The following was written by a finance professor at a major university, who shall remain unnamed until the said professor comes out to claim ownership. It was published yesterday by a blog run by several well known university professors.
I’m quoting the full text because it was disowned by the blog that published it. A blog editor removed it as if it never existed. If and when the original blog restores it, I will replace the quoted text with a link.
Want to give your bank an interest-free loan?
When I went to complete my most recent re-financing, my lender offered me the option of making an extra few payments a year; the logic he said was that I could complete my loan a couple years earlier and thus save myself thousands in interest. Sounds like a good idea, right?
This strategy has been promoted by major news outlets like the WSJ. The problem is that when you pay down your loan, your bank rarely ‘recasts’ your mortgage. Recasting is the re-calculation of interest payments based on the remaining balance of the loan rather than the amount you currently owe.
Thanks to the pre-payment, you’re left with a high-interest loan!
So why does it matter? Consider a homeowner with a $250,000 loan at 5% interest over 30 years. Interest accrues according to a schedule such that the borrower pays the bank the equivalent of 5% of the remaining balance in each year. So, the first year, interest is $12,416. Type ‘mortgage amortization schedule’ into any search engine to get a list of sites to calculate this.
Now, imagine that our homeowner sends the bank an early payment check on month 12 of the loan for $100,000. Most borrowers probably assume that the interest payments now accrue at 5% of $150,000 (the remaining principal balance), or $7,111 in the first year after the prepayment.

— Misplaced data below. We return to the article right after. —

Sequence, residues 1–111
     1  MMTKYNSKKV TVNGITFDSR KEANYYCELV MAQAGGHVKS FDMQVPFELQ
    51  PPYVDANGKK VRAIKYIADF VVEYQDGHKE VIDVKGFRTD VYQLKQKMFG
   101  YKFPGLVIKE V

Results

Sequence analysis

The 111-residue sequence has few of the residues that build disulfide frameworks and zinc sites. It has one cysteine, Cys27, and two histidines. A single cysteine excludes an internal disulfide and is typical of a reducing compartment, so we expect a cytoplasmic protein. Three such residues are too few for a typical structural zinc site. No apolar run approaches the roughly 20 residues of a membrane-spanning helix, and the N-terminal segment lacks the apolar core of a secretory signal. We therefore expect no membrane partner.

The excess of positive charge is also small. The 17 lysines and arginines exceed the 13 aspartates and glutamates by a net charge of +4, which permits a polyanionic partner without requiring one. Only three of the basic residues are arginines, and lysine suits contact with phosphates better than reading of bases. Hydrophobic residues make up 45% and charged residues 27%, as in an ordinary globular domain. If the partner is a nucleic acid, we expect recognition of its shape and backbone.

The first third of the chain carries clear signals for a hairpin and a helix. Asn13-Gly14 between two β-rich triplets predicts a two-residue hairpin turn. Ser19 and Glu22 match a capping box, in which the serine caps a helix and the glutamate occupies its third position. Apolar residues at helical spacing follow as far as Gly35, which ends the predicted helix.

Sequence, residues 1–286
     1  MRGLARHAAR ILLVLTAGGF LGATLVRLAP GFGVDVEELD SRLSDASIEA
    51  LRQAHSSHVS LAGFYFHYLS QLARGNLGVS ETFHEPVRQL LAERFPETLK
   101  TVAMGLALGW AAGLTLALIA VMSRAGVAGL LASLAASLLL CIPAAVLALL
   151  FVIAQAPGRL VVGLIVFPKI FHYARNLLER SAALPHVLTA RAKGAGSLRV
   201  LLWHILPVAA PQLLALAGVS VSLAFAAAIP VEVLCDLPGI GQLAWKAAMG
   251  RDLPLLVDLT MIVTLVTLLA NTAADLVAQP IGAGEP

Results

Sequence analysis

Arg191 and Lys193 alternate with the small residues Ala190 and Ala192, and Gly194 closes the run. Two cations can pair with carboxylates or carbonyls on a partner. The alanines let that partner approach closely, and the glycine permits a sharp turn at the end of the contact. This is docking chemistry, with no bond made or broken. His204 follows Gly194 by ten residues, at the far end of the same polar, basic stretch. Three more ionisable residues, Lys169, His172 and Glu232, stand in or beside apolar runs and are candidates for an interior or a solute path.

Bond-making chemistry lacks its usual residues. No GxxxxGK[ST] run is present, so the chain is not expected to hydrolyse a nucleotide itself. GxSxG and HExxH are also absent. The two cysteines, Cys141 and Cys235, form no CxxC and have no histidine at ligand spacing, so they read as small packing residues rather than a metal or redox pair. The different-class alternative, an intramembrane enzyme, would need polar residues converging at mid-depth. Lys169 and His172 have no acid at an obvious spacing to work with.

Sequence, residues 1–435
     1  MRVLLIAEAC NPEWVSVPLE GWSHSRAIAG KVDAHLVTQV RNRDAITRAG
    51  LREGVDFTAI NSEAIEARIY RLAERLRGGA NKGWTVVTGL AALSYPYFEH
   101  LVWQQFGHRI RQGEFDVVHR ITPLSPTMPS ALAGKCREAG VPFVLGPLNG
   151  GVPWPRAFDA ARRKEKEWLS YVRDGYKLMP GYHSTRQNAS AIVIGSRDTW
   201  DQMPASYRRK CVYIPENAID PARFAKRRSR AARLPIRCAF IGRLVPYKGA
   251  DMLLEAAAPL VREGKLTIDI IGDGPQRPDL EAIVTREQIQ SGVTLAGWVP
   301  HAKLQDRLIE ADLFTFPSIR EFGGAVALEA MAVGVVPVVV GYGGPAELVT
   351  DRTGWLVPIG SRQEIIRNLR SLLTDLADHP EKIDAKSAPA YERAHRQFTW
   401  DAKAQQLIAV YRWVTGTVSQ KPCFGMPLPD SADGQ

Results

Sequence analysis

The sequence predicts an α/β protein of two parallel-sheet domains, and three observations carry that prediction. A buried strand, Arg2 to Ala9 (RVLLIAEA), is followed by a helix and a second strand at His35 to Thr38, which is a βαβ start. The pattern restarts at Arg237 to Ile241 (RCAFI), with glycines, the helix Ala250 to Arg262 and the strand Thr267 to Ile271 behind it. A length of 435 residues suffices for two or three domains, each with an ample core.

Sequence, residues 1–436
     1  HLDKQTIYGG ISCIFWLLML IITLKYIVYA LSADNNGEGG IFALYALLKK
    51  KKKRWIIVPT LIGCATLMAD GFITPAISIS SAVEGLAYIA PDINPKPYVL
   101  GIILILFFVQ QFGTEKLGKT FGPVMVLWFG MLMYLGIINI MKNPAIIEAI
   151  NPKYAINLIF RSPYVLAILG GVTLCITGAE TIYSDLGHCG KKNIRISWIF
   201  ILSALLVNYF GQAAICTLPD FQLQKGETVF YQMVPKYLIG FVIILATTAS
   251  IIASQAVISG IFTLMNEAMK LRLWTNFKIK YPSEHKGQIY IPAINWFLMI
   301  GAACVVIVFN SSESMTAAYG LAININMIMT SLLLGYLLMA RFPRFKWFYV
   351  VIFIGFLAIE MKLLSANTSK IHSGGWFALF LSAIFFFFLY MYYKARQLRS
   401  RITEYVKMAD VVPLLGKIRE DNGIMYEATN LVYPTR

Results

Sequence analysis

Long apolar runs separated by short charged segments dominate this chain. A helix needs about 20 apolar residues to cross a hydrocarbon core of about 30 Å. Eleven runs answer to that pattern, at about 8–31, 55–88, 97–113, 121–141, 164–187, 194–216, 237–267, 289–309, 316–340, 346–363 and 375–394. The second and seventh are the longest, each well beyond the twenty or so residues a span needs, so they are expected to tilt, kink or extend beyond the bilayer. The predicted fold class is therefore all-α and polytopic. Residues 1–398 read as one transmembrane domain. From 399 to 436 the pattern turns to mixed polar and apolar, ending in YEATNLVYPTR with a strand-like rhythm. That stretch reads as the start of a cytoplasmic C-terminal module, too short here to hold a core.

However, banks almost universally apply the $100,000 to the END of the amortization schedule, meaning that your mortgage payments will end a few years earlier, but your interest will continue to accrue on the original $250,000 balance. A loan rate greater than 8%!
So basically you just gave a $100,000 interest free loan to your bank. This loan could sit with the bank for 10-20 years or more.
So how much money is at stake? To the credit of the WSJ, two weeks after the article on pre-paying, they suggested re-casting as a strategy to lower monthly payments. In that WSJ article, they mentioned that fewer than 200 mortgages out of 10 million are re-cast each month at JP Morgan Chase. The numbers are similar at other banks.
If you have a $100,000 to put towards your mortgage, put those extra payments in an risk-free interest-bearing account until you have enough to pay off the full loan. By then, those extra payments will be worth much more, and you still would have shortened the life of the loan.
If you’ve had a mortgage and you made additional principal payments, you should know this is completely wrong. The extra principal payment goes toward the outstanding principal immediately when it’s applied. The interest portion of the next regular monthly payment goes down.
How a finance professor could get it so wrong was surprise number one, but I can understand. Maybe the professor never prepaid any mortgage before. When you write from what you read in the newspaper as opposed to from personal experience, you can get it wrong.
How the professor handled the error after being so wrong was surprise number two. Nobody is perfect. Making a mistake is not a big deal, even if you are finance professor. Admit the mistake, correct it, and move on. Wiping it clean as if it never happened isn’t the right way.